My oldest grandchild, as I have mentioned frequently before, sees dead people. But he doesn't announce it all the time and he can be reluctant to talk about it. One time when he was at our house, he asked his grandfather to come to the bathroom with him while he used the facility. Jim went with him and asked, "Why do you always have to have someone in the bathroom with you?" And he answered accordingly, "Because I'm scared." Jim: "Of what?" Grandson: "The ghosts." He didn't explain it any further than that, and my husband, not having the same obsessions I do, didn't ask.
I have related the disturbing conversations about our little guy running up and jumping onto the couch with us, announcing that he was scared because "The boy is coming. The big boy."
I have related the even more disturbing conversation when he told us he was scared. I asked if he was scared of the big boy, and he said, "No. The big boy is scared, too." That was enough to freak me out, although of course I couldn't say that in front of him.
I have written about the more recent conversation when he told me the people who owned this house before us are now dead. I asked him how he knew and he said that he just knew. I think he ran into them when they came to see what we were doing to their beloved house. (We've renovated two rooms, and while that might not have been to the former owners' taste, I think they may have been pleased to know that we still love our little place.)
So now we come to this past weekend. Just a few evenings ago, as a matter of fact. Our daughter had asked us to take him overnight and we agreed. So per our usual routine, Jim got him bathed and I put him to bed, reading a bunch of books before giving him a kiss and saying goodnight. As always, he told me he was afraid to be alone and afraid for me to turn out the light. We always turn out the light but leave his door open and then turn on the overhead lights in the adjacent rooms so that he's not completely in the dark. I asked him why he was so afraid and he said that when he's alone in the dark, "the ghosts come." So I gave him the same advice my buddy Sylvia Shults gave my character Michael Penfield in Drawing Vengeance: I told him to tell the ghosts to go away, and that they should listen to him and leave him alone.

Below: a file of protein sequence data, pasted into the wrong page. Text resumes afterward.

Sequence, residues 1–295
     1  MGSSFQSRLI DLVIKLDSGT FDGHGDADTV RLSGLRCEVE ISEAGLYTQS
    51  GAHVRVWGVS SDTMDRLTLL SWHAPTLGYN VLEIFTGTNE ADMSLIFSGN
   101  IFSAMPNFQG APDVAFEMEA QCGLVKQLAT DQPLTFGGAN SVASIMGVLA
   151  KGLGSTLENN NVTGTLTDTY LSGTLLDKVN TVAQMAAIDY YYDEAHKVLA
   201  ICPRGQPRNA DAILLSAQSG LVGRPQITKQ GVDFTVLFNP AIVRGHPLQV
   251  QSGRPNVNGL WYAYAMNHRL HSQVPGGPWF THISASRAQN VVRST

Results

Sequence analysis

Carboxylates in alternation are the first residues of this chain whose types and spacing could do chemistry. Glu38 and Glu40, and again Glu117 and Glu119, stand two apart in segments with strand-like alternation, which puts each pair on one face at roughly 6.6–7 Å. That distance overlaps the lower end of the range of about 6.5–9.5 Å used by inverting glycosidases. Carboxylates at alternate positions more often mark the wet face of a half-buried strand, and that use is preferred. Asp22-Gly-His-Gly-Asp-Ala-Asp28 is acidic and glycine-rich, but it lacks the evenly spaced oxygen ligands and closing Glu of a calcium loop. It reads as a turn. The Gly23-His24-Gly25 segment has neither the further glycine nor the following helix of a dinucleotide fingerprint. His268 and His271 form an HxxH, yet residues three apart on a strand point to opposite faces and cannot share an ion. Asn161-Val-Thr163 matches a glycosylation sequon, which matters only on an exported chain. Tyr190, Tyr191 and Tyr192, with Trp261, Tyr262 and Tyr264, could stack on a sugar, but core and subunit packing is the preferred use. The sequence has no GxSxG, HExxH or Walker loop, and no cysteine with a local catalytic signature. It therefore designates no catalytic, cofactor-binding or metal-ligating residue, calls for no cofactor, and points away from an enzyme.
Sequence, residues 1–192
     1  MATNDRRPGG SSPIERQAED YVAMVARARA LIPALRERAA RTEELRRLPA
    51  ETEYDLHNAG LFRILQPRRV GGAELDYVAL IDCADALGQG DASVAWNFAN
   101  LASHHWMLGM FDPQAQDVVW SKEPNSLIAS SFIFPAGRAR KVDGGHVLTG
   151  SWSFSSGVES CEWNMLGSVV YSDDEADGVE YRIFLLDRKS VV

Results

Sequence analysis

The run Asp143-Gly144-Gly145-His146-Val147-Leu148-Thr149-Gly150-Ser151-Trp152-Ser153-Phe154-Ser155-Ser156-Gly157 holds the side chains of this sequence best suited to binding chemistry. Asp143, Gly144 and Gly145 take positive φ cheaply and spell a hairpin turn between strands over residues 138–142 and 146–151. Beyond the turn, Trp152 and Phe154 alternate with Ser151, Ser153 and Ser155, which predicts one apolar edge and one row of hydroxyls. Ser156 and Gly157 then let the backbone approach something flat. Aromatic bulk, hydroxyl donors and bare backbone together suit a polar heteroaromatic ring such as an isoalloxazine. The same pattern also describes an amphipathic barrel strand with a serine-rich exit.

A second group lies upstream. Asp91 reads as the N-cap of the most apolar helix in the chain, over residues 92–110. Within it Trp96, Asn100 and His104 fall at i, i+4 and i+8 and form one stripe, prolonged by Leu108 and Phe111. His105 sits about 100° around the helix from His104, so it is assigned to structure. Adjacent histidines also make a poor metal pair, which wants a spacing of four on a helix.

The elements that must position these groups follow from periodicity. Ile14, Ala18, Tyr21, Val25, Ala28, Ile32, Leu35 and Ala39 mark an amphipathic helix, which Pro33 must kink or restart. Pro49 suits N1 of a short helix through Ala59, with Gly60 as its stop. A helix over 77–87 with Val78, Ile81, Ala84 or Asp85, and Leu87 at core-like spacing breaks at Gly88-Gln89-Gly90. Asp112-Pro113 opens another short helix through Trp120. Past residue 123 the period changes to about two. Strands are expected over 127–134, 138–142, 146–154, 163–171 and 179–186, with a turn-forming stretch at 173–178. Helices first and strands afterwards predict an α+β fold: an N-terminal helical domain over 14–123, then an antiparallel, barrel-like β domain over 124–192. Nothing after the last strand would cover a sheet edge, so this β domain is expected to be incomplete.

Me: Did the ghosts come last night?
Me: Did you tell them to go away?
Me: And did they go away?
This all may sound crazy to nonbelievers, but I think anything that helps this sweet, sensitive kid empower himself is a good idea. Maybe if he can learn to take on the ghosts bothering him in his own room, he'll also learn to take on the living, breathing people who might want to bother him on the bus or at school. Ghosts, bullies, anyone in his space who is unwelcome and unwanted: if he can learn to stand up to all them, then I'm for it, full-tilt boogie.